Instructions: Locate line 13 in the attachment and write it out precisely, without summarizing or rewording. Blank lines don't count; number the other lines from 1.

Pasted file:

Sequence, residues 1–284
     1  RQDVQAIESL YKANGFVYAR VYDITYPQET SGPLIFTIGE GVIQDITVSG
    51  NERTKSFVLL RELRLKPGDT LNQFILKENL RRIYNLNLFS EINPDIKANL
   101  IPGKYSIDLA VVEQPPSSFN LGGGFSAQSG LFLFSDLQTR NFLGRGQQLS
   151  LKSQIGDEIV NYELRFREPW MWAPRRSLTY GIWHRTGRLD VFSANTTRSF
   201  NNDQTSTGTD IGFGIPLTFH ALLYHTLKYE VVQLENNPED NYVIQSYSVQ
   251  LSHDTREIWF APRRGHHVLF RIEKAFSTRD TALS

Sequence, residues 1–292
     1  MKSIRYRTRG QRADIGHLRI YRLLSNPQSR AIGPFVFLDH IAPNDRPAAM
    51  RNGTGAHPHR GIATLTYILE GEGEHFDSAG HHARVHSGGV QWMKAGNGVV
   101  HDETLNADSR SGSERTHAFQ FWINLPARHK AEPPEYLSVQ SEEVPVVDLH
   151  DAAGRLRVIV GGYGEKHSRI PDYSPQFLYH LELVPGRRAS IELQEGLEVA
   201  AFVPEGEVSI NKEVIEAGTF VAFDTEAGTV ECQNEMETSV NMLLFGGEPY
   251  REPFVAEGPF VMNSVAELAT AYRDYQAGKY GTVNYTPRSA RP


   201  AFVPEGEVSI NKEVIEAGTF VAFDTEAGTV ECQNEMETSV NMLLFGGEPY